Relationships forged on the golf course are the foundation of Mark Goldfarb’s career

 

Letting go

Goldfarb’s approach to building through relationships translated into success for SS&G. In 1987, SS&G’s revenues were $600,000. By 2015, it was among the top 50 largest firms in the country with revenue over $70 million. It employed some 700 people, and had the financial and organizational muscle to buy its way into Columbus, Cincinnati and Chicago.

And then, BDO came knocking. The firm had inquired about the company in 2001, but SS&G wasn’t interested.

“But it’s 2013. They approach us, and you know, things are different,” Goldfarb says. “I’m 61 years old. Gary’s 60, we have a lot of other partners that are in their middle to high 50s and the industry is changing,” he says.

He figured his firm better move with the times or risk getting left behind. So, after a lot of due diligence and a lot of internal discussion, SS&G voted to move forward.

“It’s hard,” Goldfarb says. “I mean it’s your baby. It’s hard for a lot of partners here and employees. But at the end of the day you’ve got to make tough decisions.”

Staying together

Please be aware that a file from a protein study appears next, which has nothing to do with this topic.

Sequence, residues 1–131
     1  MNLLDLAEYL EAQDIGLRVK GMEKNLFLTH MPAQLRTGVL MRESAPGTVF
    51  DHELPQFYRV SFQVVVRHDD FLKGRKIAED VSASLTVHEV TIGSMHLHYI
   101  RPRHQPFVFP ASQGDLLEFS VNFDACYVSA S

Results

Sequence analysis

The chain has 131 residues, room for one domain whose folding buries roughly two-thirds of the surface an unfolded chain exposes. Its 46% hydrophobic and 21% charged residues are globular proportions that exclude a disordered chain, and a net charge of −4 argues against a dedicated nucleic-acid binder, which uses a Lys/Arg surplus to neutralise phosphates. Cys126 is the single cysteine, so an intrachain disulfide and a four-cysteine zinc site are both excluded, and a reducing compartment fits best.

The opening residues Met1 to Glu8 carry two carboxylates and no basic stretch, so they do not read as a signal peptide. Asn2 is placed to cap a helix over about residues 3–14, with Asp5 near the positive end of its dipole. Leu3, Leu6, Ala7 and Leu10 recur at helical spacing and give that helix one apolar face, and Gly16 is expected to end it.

Though the business he built no longer bears his name, the legacy of friendships Goldfarb built through thoughtful consultation — and round after round of golf — persist.

“It goes outside of business,” Littman says. “Our families are friendly. Mark and I run a lot. We play a lot of golf together. We’ve traveled a lot. Our whole lives are intertwined, not just professionally but personally.”

“His best friends are his clients,” Bentlage says. “The one thing about being in the professional services business is you need to immerse yourself into your trade, and your clients generally become your friends. The people that are the best at it, that’s what happens. And that’s the reason why Mark is as good as he is, because many of his clients are also very close friends of his.”

Alan Woll, a childhood friend of Goldfarb’s, recalls the early neighborhood days of Sundays filled with games of football and corned beef sandwiches. Later in life, after Woll co-founded and led Network Polymers as CEO, he would bring Goldfarb on as an accountant, trading football for golf in a business relationship that lasted 23 years, and a friendship that continues today.

“I trust him, and I can’t always say that for accountants or attorneys,” Woll says. “He’s just a hell of a guy.”

Goldfarb has made bold decisions throughout his career that carried risk not just for himself, but for others. Part of that was so he never lived life with regret, because you only go around once.

“If you have a passion for something and you’ve got a fire in your belly, go for it and never look back. Will you be able to look ahead and know all of the obstacles in your path? No. But you have to be ready every day because you never know what’s going to happen. You’ve got to be ready to deal with what comes your way.

“You can’t lose focus of who you are as a person — of who you are as a husband or father or wife, an employer,” he says. “The world is a crazy place. You have to maintain your honesty, integrity, reputation, but go for it.”